ACO staff contacted eligible patients within 48 hours of discharge to offer RPM enrollment. To preclude immortal time bias, the 6-month follow-up period began on the day of ACO staff contact for all patients. Enrolled patients were mailed an RPM kit containing a Samsung tablet preloaded with RPM software and cellular capabilities (to allow patients without home internet to participate), an A&D blood pressure monitor and cuff, scale, pulse oximeter, and written set-up instructions. All items were Bluetooth-enabled to sync with the tablet. Tablets included preloaded educational video about the relevant chronic condition.

During participation, tablet devices alerted once daily to prompt participants to record vital signs and complete surveys. Abnormal vital signs or affirmative survey responses (Supplementary Table 1) triggered real-time alerts to assigned ACO nurses who then called the patient for further triage.

ACO nurses assessed the need for continued enrollment after 30 days; patients who had not had an RPM alert within the prior 7 days were eligible, but not required, to “graduate” from the program (i.e., each nurse had discretion to recommend continued enrollment based on their clinical judgment and the patient’s desires). This allowed the limited number of RPM kits to be redistributed. Patients could disenroll from the program at any time. Hospital admission paused RPM enrollment, which resumed automatically at discharge.

Data acquisition and management

Demographics, insurance, comorbidities, social history, medications, procedures, and encounter data were extracted from the electronic health record (EHR; Epic, Verona, WI) through direct chart review. Because the other major health systems in the ACO’s catchment area use the same EHR, data from other health systems were extracted could also be we had access to the timing and details of essentially all local healthcare encounters via the vendor’s “Care Everywhere” interoperability feature (i.e., it is unlikely that patients experienced an outcome that we could not identify from their chart). Daily vital signs and surveys metadata were extracted from the RPM vendor for an exploratory post-hoc analysis.


We prespecified two primary outcomes for this analysis: (1) the composite of death, hospital admission, or emergency care not resulting in an admission within 180 days of RPM eligibility, and (2) the time to occurrence of this composite. Secondary outcomes included individual component of the composite, death or hospital admission, time to death or hospital admission, number of specialist office visits, number of nonspecialist office visits, and length of hospital stay for admitted patients. The 6-month follow-up period started on the day of RPM eligibility.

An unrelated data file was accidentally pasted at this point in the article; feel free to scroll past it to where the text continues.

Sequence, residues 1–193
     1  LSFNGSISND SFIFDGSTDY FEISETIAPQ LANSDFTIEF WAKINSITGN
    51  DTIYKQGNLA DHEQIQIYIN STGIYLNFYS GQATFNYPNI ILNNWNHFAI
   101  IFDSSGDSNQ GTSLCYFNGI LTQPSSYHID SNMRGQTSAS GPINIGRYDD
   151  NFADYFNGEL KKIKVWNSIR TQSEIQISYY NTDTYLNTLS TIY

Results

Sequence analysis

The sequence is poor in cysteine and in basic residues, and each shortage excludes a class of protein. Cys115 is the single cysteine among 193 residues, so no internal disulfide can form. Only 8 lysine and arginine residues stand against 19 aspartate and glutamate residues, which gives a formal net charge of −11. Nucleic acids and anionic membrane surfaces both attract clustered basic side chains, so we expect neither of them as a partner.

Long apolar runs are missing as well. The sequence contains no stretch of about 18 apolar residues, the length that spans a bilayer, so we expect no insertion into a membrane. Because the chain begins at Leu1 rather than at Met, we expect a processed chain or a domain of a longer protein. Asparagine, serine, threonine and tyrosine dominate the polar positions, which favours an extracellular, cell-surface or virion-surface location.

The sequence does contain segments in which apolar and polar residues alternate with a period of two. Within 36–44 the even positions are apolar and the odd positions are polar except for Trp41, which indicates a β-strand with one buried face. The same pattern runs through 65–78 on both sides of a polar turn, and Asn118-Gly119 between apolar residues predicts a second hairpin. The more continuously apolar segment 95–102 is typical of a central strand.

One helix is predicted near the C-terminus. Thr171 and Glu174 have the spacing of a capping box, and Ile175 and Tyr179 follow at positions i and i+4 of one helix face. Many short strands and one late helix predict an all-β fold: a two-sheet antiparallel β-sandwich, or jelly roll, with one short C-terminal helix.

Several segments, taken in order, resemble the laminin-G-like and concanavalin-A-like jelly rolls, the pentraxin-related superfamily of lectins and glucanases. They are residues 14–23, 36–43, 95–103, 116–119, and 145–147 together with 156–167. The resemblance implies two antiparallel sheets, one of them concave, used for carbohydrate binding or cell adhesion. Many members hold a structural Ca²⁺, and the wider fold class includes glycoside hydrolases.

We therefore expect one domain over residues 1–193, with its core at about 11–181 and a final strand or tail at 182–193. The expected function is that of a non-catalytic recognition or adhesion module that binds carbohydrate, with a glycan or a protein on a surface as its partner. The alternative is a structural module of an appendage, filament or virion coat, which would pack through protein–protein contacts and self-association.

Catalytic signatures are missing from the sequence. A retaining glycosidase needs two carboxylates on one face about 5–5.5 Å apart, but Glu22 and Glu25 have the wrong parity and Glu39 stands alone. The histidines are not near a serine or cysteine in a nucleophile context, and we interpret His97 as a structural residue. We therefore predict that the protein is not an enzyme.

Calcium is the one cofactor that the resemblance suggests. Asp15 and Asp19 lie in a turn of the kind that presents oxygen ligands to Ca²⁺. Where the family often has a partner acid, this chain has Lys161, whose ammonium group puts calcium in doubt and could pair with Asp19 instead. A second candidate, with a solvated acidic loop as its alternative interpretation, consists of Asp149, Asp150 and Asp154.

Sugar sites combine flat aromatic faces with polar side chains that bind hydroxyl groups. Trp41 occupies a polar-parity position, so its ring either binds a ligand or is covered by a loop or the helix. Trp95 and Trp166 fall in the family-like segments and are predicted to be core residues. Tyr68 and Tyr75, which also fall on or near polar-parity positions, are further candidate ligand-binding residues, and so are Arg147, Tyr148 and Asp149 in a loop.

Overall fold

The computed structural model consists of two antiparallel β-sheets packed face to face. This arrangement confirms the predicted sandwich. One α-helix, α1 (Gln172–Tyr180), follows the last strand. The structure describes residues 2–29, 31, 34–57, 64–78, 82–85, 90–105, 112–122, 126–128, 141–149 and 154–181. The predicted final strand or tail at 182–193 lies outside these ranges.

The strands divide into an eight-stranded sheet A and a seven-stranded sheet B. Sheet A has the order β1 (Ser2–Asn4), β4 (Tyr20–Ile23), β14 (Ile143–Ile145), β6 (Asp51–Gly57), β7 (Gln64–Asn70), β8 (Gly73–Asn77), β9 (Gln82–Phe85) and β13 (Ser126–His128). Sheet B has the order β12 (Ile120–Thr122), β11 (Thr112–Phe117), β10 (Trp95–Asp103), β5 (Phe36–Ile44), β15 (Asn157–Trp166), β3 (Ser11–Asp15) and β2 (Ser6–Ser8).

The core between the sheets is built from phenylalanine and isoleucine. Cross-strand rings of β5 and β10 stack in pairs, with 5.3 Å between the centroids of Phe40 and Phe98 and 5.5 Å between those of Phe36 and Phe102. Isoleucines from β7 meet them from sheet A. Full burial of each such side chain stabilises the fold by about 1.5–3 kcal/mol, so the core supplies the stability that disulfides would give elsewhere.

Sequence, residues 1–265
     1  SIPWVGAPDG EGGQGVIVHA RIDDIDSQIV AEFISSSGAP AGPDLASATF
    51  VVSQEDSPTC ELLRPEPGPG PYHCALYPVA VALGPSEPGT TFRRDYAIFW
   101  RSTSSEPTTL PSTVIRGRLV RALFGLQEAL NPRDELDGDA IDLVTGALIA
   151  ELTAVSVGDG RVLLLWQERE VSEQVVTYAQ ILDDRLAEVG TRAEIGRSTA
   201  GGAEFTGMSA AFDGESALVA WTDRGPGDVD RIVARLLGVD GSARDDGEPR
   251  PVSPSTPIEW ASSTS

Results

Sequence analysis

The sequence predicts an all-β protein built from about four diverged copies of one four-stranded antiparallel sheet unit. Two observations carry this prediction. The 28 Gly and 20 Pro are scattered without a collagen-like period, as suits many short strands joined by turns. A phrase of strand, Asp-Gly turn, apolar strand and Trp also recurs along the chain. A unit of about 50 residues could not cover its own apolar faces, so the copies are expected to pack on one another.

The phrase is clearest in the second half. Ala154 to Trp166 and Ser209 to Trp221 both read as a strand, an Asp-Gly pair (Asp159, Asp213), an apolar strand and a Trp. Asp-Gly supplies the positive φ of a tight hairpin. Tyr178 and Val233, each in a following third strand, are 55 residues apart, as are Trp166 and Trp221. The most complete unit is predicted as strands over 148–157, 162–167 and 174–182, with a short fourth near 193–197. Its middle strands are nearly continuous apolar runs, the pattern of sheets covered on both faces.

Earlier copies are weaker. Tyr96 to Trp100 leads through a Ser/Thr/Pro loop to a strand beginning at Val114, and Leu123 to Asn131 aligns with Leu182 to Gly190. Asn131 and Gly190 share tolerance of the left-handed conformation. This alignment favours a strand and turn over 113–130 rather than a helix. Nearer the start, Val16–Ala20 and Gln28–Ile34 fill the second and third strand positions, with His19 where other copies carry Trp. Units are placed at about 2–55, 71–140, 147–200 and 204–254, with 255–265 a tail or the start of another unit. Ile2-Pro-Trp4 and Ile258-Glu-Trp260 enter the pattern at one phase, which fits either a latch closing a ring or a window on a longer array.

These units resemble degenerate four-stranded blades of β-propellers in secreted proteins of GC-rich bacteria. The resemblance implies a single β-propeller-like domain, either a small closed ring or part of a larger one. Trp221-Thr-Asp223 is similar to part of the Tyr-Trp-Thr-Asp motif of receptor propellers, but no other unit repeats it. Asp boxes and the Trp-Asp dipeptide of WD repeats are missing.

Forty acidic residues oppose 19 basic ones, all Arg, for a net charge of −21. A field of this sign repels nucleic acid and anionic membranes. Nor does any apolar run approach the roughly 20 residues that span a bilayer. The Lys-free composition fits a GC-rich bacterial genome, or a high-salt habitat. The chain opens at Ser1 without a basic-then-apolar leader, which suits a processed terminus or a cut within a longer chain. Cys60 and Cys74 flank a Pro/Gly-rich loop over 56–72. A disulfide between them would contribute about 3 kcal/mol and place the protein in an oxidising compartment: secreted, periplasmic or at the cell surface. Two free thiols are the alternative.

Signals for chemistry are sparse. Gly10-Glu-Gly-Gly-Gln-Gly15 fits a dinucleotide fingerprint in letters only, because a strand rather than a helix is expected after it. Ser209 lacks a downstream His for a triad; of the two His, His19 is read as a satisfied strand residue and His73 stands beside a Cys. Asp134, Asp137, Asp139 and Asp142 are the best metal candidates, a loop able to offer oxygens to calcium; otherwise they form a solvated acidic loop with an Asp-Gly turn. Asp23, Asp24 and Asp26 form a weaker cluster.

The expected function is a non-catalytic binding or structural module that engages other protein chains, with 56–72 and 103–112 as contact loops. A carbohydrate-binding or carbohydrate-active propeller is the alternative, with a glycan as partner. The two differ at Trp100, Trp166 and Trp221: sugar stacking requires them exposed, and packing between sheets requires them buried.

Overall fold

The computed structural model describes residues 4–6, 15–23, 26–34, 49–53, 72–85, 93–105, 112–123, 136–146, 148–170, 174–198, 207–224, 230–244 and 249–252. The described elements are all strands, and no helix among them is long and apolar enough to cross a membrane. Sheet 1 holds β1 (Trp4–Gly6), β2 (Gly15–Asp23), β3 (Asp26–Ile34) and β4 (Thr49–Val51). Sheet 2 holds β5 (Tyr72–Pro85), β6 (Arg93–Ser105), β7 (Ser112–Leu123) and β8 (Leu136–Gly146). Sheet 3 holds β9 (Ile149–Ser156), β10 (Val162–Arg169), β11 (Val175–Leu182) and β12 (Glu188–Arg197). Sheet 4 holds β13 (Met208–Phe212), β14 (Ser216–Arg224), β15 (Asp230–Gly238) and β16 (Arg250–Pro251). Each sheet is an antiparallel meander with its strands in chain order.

Clinical data was measured at the time of RPM eligibility (e.g., subsequently-assigned comorbid diagnoses were not recorded). Because of uncertainty regarding how frequently social determinants of health (e.g., food insecurity) are recorded in discrete EHR fields [17], we considered each patient to have any individual insecurity if they had been recorded as having such.

We recorded the presence or absence of prescriptions in the following classes: (1) beta-blocker, (2) angiotensin-converting enzyme inhibitor, angiotensin II receptor antagonist, or angiotensin receptor neprilysin inhibitor, (3) mineralocorticoid receptor antagonist, (4) sodium/glucose cotransporter-2 inhibitor, (5) inhaler, and (6) insulin.


Continuous data were presented as median (IQR), and categorical data as n (percent). Unadjusted comparisons between RPM enrollees and RPM-eligible control patients were made using Wilcoxon rank sum tests, Pearson’s Chi-squared tests, and Fisher’s exact test as appropriate. We produced Kaplan-Meier curves to visualize time to the primary outcome for each group and compared these using the log-rank test.